Immigration

  • July 02, 2020

    Ex-ICE Atty Tapped As Chief DOJ Immigration Judge

    Tracy Short, who worked most recently as the U.S. Immigration and Customs Enforcement principal legal adviser and as senior adviser to the ICE acting director, has been named as the nation's chief immigration judge, the U.S. Department of Justice announced Thursday.

  • July 02, 2020

    DC Judge Knocks ICE For Detaining Teens, Altering Evidence

    A D.C. federal judge on Thursday found that U.S. Immigration and Customs Enforcement broke the law by not considering less restrictive housing options for migrant teenagers who turn 18 in government custody, and knocked the agency for altering evidence before trial.

  • July 02, 2020

    Calif. Woman Gets 2 Years For False Green Card Promises

    A California woman received a two-year sentence for defrauding four Iranian nationals out of $120,000 with false promises that she could secure them American immigration benefits, including green cards and citizenship, the Justice Department has announced.

  • July 02, 2020

    Border Search Of Cellphones May Need Justices' Input

    American travelers are uncertain of what rights they have when border agents ask to search their cellphones, especially after conflicting rulings from circuit courts, and the U.S. Supreme Court may be the only forum where travelers can get certainty.

  • July 02, 2020

    Coronavirus Litigation: The Week In Review

    Grocery delivery service Instacart is suing to block a Seattle ordinance requiring coronavirus hazard pay for gig delivery workers, New York police officers and Las Vegas resort workers claim they haven't been provided with adequate protections during the pandemic, and the ACLU says California courts can't block public access to trials, despite the virus. 

  • July 02, 2020

    Anonymity Won't Be Allowed In Suit Over COVID-19 Payment

    A man suing U.S. officials claiming that he didn't receive a pandemic stimulus check from the Internal Revenue Service because of his marriage to an immigrant must identify himself before the court, an Illinois federal judge ordered.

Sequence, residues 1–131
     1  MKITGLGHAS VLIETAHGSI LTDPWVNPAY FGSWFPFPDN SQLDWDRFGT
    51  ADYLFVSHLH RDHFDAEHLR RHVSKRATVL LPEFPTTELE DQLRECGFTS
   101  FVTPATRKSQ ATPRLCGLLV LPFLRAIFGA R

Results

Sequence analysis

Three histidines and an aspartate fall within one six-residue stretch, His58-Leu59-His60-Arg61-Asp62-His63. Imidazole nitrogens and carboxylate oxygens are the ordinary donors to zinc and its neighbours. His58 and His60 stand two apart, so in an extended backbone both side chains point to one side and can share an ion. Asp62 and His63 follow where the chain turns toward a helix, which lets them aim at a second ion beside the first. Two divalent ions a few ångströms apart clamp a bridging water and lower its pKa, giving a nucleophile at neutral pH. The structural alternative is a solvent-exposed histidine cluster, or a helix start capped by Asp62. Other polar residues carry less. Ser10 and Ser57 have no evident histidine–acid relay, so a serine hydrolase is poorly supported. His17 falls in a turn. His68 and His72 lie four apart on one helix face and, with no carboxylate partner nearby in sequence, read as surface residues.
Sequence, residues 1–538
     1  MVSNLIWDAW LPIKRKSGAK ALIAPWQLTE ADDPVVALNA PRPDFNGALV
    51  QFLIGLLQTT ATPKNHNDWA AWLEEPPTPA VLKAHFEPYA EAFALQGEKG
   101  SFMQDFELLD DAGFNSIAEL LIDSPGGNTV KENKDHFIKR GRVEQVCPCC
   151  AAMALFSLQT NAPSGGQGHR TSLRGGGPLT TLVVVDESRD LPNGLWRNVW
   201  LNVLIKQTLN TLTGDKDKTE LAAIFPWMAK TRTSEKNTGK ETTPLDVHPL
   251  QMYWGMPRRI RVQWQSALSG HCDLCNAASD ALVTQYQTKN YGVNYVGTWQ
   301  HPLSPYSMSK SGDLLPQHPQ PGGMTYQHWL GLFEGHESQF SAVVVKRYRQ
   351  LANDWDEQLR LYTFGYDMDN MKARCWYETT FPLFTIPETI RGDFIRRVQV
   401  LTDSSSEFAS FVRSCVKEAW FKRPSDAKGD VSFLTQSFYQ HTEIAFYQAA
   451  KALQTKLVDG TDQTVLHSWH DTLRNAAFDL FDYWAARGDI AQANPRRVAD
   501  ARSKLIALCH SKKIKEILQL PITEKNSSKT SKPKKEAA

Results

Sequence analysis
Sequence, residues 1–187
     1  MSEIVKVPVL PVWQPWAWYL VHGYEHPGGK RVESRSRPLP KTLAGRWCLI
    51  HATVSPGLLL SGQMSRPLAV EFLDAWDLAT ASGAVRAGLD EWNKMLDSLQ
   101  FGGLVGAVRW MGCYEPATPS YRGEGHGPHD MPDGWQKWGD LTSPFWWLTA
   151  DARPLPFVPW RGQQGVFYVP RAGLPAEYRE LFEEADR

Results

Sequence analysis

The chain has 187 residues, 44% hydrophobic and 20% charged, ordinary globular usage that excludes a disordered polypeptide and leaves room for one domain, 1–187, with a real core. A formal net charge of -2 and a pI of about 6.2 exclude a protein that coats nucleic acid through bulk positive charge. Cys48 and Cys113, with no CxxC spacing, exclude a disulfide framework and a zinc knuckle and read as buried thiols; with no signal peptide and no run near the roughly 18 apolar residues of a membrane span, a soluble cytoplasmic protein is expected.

• July 02, 2020

    Jail's Protection Of Migrants From COVID Found 'Reasonable'

    A New Hampshire federal judge has refused to order expedited bail hearings for migrants held in a county jail who are at low risk for complications from coronavirus, finding that the government's measures to curb the jail's virus risk were "objectively reasonable."

  • July 02, 2020

    High Court Won't Halt Deportations For Iraqi Christians

    The U.S. Supreme Court on Thursday refused to step in to halt the deportations of Iraqi citizens who fear religious persecution, leaving in place tight limits on court review for individuals with long-standing removal orders.

  • July 01, 2020

    Texas Court Frees US From Widow's Family Separation Suit

    A Texas federal judge freed the Trump administration from an asylum-seeker's suit alleging that its family separation policy led to her husband's suicide in government custody, finding that border agents' decisions to enforce the policy are shielded from judicial review.

  • July 01, 2020

    USCIS Announces July Naturalization Drive Before Furloughs

    U.S. Citizenship and Immigration Services will celebrate Independence Day with a series of socially distanced naturalization ceremonies during the first week of July, kicking off a larger effort to catch up on citizenship cases that were delayed by COVID-19 by the end of the month, the agency announced Wednesday.

  • July 01, 2020

    Chinese Man Charged In 'Birth Tourism' Ring Gets 3 Years